Monday, July 4, 2011

Weird Science

I love my cargo bike.

Damn, They're Heavy!

The usual weekend bicycle combo in the house is me on the Bat and James on La Baillena.

Schleppe Pair

Like all things we love, La Baillena has some quirks. One of these quirks is very strange. Perhaps someone out there can enlighten me as to its origin.

My cargo bike, at times, generates enough static electricity that it shocks me! If the conditions are right (and I am not completely sure of what all those conditions are) I get shocked through both hands and my inner thigh where it contacts the saddle (if I am wearing something short enough to allow any skin to touch it). The shock is enough to cause a lot of pain and for me to reflexively let go of the handlebars. It always happens when I ride down a particular hill and is worse if I have a significant load, so I know the brakes have something to do with it.

Leg Powered

This picture was taken just before the first time it happened. I tried to explain it to James, but he wasn't sure of what I meant. That is until it happened to him the other day. He came home from a quick trip to the market and told me he now knew exactly what I meant. That's when we came up with the possibility that it is static electricity that is the problem.

Has anyone out there ever experienced this? If so, what did you do about it?


  1. "Has anyone out there ever experienced this?"

    Not on a bicycle. It's quite common in cars.

    "what did you do about it?"

    Grounded it. Try spraying your saddle bag and any clothes with synthetic content with anti-static fabric softener as well.

  2. I would agree with grounding the bike. Maybe you could attach a piece of wire to the frame near the kickstand that drags on the ground. It'll look like there is a loose bit on your bike, but if it works who cares.

  3. is it belt drive? belts make static get a chain. Or change the metal brake pads to Kool stops organic this also helps the squeeking

  4. Or....possibly the tires?
    Different tire compounds are more prone to creating static, as i recall, and there's a bigger contact patch when the bike is loaded.
    As others have posted, a wire dragging on the ground will drain off the static. Or possibly some type of chain which might be more musical!

  5. Ha! This is a regular feature of my commute. I posted about it a couple of years ago here (
    In my case, it was a simple matter of making sure I was always in direct contact with the bike frame (rest your bare thumb on the metal of your handlebar or something like that). Keep riding!


  6. way to go to change your life

  7. Chain works, but might prove annoying, to others as well as yourself. Try a bit of fine wire with a metal bead on the end attached to a ribbon. At speed the ribbon will lift the bead off the road, dropping to ground the bike when you slow.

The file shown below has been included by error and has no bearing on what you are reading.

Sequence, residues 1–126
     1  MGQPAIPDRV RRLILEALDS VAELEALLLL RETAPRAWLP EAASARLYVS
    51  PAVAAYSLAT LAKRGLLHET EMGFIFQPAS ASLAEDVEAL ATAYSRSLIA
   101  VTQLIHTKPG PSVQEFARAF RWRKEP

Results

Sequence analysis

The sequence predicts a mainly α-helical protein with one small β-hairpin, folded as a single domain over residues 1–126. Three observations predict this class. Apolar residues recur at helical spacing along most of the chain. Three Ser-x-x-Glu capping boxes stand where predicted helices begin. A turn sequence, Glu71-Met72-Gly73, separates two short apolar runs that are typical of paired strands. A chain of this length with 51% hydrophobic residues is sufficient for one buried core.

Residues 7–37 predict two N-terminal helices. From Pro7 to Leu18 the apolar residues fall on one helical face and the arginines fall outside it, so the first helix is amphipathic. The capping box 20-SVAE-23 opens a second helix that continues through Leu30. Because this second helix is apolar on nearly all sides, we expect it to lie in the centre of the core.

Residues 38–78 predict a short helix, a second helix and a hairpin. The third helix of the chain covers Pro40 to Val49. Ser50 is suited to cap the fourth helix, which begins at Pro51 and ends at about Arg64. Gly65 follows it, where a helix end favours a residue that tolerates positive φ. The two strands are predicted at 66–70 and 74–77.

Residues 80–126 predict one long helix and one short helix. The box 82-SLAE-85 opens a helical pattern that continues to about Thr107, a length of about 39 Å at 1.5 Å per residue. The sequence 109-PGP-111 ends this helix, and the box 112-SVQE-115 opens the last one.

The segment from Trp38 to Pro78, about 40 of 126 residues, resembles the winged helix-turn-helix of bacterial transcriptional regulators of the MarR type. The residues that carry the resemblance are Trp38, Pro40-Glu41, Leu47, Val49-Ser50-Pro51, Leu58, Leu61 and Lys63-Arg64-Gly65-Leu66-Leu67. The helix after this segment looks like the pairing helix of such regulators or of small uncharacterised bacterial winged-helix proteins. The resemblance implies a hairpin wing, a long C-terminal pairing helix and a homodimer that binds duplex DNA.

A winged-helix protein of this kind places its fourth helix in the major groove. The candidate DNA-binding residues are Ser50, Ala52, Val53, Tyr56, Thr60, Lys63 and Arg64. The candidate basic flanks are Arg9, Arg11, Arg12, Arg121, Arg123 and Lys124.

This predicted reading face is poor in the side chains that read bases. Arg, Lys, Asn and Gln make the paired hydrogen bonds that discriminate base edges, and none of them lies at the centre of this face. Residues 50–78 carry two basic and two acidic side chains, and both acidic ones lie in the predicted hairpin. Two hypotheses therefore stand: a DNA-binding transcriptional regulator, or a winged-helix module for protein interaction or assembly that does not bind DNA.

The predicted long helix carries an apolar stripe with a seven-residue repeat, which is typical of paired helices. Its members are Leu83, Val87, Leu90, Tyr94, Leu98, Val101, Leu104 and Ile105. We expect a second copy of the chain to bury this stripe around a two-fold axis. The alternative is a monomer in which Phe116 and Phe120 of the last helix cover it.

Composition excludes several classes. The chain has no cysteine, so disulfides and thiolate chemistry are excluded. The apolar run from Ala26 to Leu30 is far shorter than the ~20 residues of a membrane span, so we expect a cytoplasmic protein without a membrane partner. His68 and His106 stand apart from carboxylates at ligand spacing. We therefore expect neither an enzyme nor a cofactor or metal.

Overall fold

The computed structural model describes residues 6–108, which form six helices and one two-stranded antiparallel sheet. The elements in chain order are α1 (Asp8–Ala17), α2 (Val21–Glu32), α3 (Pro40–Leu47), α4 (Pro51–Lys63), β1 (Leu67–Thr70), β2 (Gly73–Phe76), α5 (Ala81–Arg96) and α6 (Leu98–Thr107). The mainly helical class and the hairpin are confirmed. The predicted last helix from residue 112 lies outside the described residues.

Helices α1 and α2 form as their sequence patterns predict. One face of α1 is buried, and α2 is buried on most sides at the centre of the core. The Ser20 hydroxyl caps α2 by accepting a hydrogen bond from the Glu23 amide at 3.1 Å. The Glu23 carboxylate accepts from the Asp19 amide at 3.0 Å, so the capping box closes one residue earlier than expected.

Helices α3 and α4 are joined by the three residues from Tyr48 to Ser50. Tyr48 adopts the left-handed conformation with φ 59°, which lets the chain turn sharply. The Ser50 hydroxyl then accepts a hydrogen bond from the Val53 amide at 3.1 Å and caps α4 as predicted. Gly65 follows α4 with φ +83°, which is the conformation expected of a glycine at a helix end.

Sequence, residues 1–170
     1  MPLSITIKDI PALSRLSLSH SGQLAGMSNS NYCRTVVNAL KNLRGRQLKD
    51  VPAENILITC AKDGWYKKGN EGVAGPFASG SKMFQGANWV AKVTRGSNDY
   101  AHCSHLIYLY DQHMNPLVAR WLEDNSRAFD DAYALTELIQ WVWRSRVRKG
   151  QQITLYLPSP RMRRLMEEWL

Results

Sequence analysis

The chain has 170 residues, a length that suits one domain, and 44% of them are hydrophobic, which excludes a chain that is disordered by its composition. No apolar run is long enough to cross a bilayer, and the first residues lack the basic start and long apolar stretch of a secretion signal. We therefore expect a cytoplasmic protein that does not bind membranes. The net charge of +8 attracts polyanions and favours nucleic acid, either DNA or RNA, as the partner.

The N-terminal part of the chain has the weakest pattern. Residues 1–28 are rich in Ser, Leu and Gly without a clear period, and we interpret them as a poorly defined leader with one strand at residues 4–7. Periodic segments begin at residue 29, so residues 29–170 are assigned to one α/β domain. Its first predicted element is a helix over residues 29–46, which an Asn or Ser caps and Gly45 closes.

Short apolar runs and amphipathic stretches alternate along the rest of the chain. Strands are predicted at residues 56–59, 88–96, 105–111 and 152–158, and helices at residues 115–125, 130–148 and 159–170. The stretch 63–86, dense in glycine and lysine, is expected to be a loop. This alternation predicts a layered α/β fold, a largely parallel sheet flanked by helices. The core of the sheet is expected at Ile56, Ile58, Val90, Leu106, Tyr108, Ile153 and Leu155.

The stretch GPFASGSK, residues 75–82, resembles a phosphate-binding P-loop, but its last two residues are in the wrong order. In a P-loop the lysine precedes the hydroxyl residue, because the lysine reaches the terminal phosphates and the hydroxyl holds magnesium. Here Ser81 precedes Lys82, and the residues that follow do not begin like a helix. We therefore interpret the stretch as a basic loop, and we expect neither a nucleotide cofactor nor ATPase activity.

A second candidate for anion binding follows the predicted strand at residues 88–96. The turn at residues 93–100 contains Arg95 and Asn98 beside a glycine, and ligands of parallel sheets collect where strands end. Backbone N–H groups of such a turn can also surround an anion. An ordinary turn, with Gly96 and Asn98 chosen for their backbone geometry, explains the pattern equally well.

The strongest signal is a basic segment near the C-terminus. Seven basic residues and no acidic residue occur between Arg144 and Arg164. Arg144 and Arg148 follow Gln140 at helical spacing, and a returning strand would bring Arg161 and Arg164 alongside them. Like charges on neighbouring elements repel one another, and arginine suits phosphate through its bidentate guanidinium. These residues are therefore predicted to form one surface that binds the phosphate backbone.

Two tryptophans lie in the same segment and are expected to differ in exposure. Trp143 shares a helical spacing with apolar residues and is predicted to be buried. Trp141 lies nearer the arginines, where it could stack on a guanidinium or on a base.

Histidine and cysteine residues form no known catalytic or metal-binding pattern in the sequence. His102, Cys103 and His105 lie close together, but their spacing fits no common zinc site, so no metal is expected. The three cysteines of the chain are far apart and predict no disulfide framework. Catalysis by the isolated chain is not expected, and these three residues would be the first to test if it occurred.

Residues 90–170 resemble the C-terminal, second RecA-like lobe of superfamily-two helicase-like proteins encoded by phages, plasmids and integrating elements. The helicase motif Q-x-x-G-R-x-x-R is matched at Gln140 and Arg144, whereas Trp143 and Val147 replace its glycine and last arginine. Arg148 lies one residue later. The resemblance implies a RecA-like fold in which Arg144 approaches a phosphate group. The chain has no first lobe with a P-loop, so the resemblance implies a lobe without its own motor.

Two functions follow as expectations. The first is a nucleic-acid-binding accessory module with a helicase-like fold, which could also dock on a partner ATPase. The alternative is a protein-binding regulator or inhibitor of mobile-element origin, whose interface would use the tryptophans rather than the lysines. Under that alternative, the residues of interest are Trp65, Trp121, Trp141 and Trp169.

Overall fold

Making sure you touch the frame often so it never builds up any significant charge works fine too, but is easier to do without it becoming an annoying ritual on a diamond frame (you just keep your knees close enough that they tend to brush the top tube on occasion).

  8. Static in a car is a result of airflow over the vehicle which is unlikely to be the case in your situation. probably due to rubber or fabric rubbing on metal somewhere. Check your fenders, tire alignment and don't wear baggy clothes (skirts):)

  9. Makes certain bike rides "a shocking experience" LOL.

    "I was shocked again on my ride home I saw... um well lets just say I was shocked"

    "Didn't know my Feist had shocks..."

    "Come pull my finger..."

    BTW if you look at lots of shopping carts they have a small chain dragging the floor, I had a cart that was missing one once. Unpleasant to say the least. When this happens on cars the cartalk guys always blame the tires. Dunno I am not a physics kind of guy.

  10. Thank you, everyone! I am happy to see it isn't just me : ). The funny thing is I am one of those people who can not wear a wind up watch because I magnetize them and cause them to run fast. I end up having to take them to the jewelers to be demagnetized once a month.

    I think I will be trying the hanging wire this weekend. It will be awhile before I know if it works or not as our humidity is high right now so the static will be down.

  11. As you've gathered, having something dragging and always touching the ground will fix it. Doesn't really matter what, probably would be more efficient if it's metal. Do you have problems with electronics (lighting, cyclecomputer etc) crapping out?
    Honestly, I can't imagine I'd live with it long if it was shocking my inner thighs! yikes:)

    Best wishes for a Static Free Future!

  12. Are you sure that this is static?
    Sometimes I have the same problems when (or after) moving under high-voltage electric wires crossing the road hanging very low above the cycling area....

  13. Is it possible the dynamo hub is sending some current to the frame?